Clean Code Alliance organized a meetup about SOLID principles.
I had the opportunity to talk about Single Responsibility Principle at part of SOLID.
It’s a presentation I gave several times in the past.
It was fun talking about it.
There were many interesting and challenging questions, which gave me lots of things to think of.
SRP as part of SOLID
Single Responsibility Principle (SRP), is the part of the SOLID acronym.The SOLID principles help us design better code. Applying those principles helps us having maintainable code, less bugs and easier testing.The SRP is the foundation of having better designed code.In this session I will introduce the SOLID principles and explain in more details what SRP is all about.Applying those principles is not sci-fi, it is real, and I will demonstrate it.
Yesterday I gave a talk in a meetup about the SRP in SOLID.
Eyal Golan is a Senior Java developer and agile practitioner. Responsible of building the high throughput, low latency server infrastructure.Manages the continuous integration and deployment of the system. Leading the coding practices. Practicing TDD, clean code. In the path for software craftsmanship.
Following me, Hayim Makabee gave a really interesting talk about The SOLID Principles Illustrated by Design Patterns
Here are the slides.
And the video (in Hebrew)
Thanks for the organizers, Boris and Itzik and mostly for the audience who seemed very interested.
In this post I would like to cover the Single Responsibility Principle (SRP).
I think that this is the basis of any clean and well designed system.
What is SRP?
The term was introduced by Robert C. Martin.
It is the ‘S’ from the SOLID principles, which are the basis for OOD.
Here’s the PDF paper for SRP by Robert C. Martin https://docs.google.com/file/d/0ByOwmqah_nuGNHEtcU5OekdDMkk/
…In object-oriented programming, the single responsibility principle states that every class should have a single responsibility, and that responsibility should be entirely encapsulated by the class. All its services should be narrowly aligned with that responsibility….
From Clean Code:
A class or module should have one, and only one, reason to change.
So if a class (or module) needs to be modified for more than one reason, it does more than one thing. I.e. has more than one responsibility.
Organize the code
Let’s imagine a car mechanic who owns a repair shop.
He has many many tools to work with. The tools are divided into types; Pliers, Screw-Drivers (Phillips / Blade), Hammers, Wrenches (Tubing / Hex) and many more.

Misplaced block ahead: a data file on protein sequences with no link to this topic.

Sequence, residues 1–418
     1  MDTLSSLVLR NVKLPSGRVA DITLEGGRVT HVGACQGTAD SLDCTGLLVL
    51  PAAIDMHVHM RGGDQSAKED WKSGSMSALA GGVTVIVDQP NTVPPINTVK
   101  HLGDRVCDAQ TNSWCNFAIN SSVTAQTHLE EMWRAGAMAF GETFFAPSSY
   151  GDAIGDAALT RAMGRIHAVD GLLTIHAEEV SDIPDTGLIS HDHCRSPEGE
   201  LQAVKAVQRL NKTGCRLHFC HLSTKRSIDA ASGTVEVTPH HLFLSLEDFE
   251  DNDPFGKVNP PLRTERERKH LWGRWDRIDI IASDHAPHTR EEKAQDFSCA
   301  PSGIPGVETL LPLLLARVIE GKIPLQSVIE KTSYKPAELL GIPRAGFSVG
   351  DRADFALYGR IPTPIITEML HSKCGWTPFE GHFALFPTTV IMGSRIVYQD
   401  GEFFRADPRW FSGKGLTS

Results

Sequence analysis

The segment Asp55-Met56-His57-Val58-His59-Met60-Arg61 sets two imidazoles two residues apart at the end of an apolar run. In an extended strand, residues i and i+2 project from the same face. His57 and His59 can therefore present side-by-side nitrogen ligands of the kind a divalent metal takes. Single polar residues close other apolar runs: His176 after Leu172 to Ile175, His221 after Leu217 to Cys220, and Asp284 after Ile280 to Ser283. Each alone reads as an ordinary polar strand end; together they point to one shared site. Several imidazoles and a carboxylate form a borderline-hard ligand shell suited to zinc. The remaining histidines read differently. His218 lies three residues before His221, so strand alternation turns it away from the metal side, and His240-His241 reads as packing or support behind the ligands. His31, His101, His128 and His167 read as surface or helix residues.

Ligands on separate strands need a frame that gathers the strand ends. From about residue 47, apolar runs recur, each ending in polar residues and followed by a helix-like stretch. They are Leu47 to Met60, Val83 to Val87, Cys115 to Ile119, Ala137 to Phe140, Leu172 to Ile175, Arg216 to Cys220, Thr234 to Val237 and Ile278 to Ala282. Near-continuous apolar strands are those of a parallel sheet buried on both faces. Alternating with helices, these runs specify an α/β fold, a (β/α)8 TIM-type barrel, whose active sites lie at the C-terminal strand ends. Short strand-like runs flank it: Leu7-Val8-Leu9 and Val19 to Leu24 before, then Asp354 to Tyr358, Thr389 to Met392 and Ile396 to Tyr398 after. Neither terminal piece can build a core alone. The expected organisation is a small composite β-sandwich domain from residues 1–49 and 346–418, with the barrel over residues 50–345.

How would it be easier to organize the tools?
Few drawers with different types in each one of them?
Or, many small drawers, each containing a specific type?
Now, imagine the drawer as the module. This is why many small modules (classes) are more organized then few large ones.
When a class has more than one reason to be changed, it is more fragile.
A change in one location might lead to some unexpected behavior in totally other places.
More responsibilities lead to higher coupling.
The couplings are the responsibilities.
Higher coupling leads to more dependencies, which is harder to maintain.
Refactoring is much easier for a single responsibility module.
If you want to get the shotgun effect, let your classes have more responsibilities.
It’s obvious that it is much easier to maintain a small single purpose class, then a big monolithic one.
A test class for a ‘one purpose class’ will have less test cases (branches).
If a class has one purpose it will usually have less dependencies, thus less mocking and test preparing.
The “self documentation by tests” becomes much clearer.
Since I started doing TDD and test-first approach, I hardly debug. Really.
But, there come times when I must debug in order to understand what’s going on.
In a single responsibility class, finding the bug or the cause of the problem, becomes a much easier task.
What needs to have single responsibility?
Each part of the system.
- The methods
- The classes
- The packages
- The modules
How to Recognize a Break of the SRP?